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Please click on this link to see an interim report of our survey on the stress, health and wellbeing of Special Guardians and Adopters.

Special Guardians and Adopters Together Interim Report 6th March 2018

At the end of the report we make some suggestions for improvements that we hope might be given consideration.

An ethics statement for the survey research project can be viewed here

Data analysis is not yet complete and we still have a great volume of qualitative data to consider. We lack time or capacity to do this without support and are very under resourced. We are hoping that we may achieve support from government to complete the analysis with key research partners who can help us take this project forwards.

We welcome any donations, no matter how small, towards our survey costs and associated expenses, which are not yet covered.

Please click here to make a donation. We need your help.

OUR PEER-LED SURVEY HAS IDENTIFIED HIGH LEVELS OF STRESS FOR PARENTS AND SPECIAL GUARDIANS STEMMING FROM THEIR CARING ROLE AND FROM DEALING WITH SERVICES WHO ARE FELT TO LACK UNDERSTANDING OF THEIR PROBLEMS.

Just over 400 adopters and special guardians parenting and caring for nearly 700 children and young adults took part in the survey which identified a serious lack of trust and confidence in services as well as more than 50% of parents and carers diagnosed with stress or anxiety, and 10% suffering with PTSD now or in the past, as a result of their caring role.

64% of respondents reported having a bad experience with a social worker, 40% with an education professional or SENCO, and more than 30% with a children’s mental health professional working for CAMHS. All these professionals also had problems building trust with children according to almost half the survey respondents.

Fear of judgement and about their parenting had deterred half the Special Guardians and a third of Adopters from seeking help from their GP if they experienced mental health problems resulting from their caring role.

The most common problems these parents and carers dealt with were ‘anger and rage meltdowns’ (73%) whilst Child to Parent violence was experienced by 57% of respondents and school refusal and school anxieties by 53% of respondents.

Nearly 40% of respondents had to give up work to care for their children, many more had reduced their hours, with nearly 40% of children qualifying for disability living allowance or an application pending and nearly 50% having special educational needs – education/health and care plans or a plan pending. The majority of parents and carers home schooling their child did so because no provision was available

Support was poor with 62% of respondents getting no respite at all and 50% unable to access counselling to help them better cope when they needed it. Whilst half the Survey’s adopters had accessed the Adoption Support Fund only 5% of Special Guardians had accessed this Fund and 10% reported they did not know about it. The Fund is poorly promoted to Special Guardians with little clarity about what happens when a Special Guardian order ends at 18. Only 10% of respondents considered the Fund, to be sufficient. Transparency about match funding by local authorities was poor. Comments suggested serious delays accessing it in some cases and a concerning level of apprehension about liaising with children’s services.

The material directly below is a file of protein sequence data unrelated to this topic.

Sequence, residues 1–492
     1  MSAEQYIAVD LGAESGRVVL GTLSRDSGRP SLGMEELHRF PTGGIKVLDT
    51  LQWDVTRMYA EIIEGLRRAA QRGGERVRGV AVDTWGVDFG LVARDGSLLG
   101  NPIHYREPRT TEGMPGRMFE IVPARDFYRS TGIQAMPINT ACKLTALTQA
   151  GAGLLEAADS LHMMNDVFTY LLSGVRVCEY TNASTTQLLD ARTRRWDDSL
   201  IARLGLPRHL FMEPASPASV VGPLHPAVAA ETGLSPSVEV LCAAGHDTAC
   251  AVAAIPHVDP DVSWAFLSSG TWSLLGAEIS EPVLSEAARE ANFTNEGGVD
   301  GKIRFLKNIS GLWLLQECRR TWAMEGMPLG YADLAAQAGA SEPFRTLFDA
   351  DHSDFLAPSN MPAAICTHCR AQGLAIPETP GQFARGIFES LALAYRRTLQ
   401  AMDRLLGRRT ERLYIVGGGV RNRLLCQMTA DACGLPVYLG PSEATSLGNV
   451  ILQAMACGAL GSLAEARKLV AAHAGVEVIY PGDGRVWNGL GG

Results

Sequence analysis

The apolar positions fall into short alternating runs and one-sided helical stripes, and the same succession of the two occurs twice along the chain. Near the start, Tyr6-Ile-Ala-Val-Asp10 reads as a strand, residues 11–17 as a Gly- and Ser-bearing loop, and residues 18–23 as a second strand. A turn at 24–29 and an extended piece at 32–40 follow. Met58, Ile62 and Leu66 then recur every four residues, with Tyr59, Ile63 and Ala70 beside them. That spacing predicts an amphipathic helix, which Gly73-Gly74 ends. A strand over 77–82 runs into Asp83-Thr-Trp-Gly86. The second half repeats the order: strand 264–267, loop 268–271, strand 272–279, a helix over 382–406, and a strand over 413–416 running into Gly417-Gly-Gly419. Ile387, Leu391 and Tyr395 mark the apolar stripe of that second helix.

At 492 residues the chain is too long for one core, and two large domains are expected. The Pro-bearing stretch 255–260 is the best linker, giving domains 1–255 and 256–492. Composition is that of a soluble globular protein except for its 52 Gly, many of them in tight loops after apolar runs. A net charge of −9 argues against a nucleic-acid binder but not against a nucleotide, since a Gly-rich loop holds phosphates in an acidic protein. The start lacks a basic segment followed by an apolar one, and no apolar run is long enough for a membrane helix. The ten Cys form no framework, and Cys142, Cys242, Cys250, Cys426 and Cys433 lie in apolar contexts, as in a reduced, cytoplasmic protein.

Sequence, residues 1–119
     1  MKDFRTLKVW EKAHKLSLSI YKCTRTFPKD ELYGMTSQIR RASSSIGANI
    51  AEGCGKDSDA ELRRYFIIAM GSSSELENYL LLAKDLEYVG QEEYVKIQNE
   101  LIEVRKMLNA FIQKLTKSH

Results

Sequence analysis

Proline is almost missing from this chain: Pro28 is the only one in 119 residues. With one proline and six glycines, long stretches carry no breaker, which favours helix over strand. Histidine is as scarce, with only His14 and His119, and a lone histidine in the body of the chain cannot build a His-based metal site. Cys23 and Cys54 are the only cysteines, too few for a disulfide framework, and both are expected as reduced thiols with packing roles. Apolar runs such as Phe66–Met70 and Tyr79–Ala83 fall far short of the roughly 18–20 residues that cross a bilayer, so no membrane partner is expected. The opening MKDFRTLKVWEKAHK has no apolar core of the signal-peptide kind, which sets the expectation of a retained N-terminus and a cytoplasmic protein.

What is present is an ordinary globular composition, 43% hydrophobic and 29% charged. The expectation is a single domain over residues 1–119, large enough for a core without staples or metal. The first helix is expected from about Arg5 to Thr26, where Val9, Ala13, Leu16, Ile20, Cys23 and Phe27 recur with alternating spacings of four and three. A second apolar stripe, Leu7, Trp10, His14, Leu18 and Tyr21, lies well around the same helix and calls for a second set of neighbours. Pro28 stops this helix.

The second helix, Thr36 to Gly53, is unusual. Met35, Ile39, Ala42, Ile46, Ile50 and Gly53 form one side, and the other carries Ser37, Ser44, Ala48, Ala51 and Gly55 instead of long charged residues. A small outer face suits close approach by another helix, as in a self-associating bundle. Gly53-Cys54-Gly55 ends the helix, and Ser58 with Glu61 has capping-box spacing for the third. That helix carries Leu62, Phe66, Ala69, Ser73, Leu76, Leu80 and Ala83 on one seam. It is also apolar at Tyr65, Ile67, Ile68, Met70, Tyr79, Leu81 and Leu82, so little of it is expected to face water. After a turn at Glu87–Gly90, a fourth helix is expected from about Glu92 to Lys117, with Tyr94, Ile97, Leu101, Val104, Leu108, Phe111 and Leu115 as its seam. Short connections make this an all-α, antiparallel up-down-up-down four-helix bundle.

Dr Sylvia Schroer, the chair of Special Guardian’s and Adopter’s Together, and main Survey author said “Special Guardians and Adopters strive to do their best despite a lack of understanding and support, and despite having to face tremendous challenges and emotional burden. Our survey has revealed a concerning lack of trust in services and fear of help seeking. It is fundamentally wrong that parents and carers should be frightened to seek help from their GP when they feel unwell, for fear their capacity to care for their children may then be called into question and judged – especially when so many, 10% in our survey, currently suffer from, or have in the past experienced PTSD as a result of their caring or parental role. We have more analysis to do on the data we have collected but are desperately under resourced. We hope the government will now step in and help us taking swift positive action in the light of our Survey findings and in the light of the recent suicide of a young adopted man in Powys living in foster care who took his own life just before he was 18, because he feared transitioning to adulthood. His parents could not help him get the support he needed and were viewed as challenging – struggling to build a positive relationship with services – this sort of scenario is so common when a child re-enters care and there are no models to help our children come home – so very few do –our survey suggests they get destabilised when they go back into care, and they are amongst the most vulnerable children in the care system with the losses they have suffered. Personally speaking I feel very frightened about privatisation of services after the recent report on Foster Care, which has recommended getting rid of the Independent Reviewing Officer to save money for front line services – we have made some suggestions on the basis of our Survey findings that we hope will be listened to – and we do think it is time to do modern adoption a bit differently, and support Special Guardians much more than they have been supported”.

We thank all those that took part in our survey and invite you to join our campaigning group. Our group will try to support you to have your voice heard and for your experiences to be used to help others. Please click here to complete a membership form.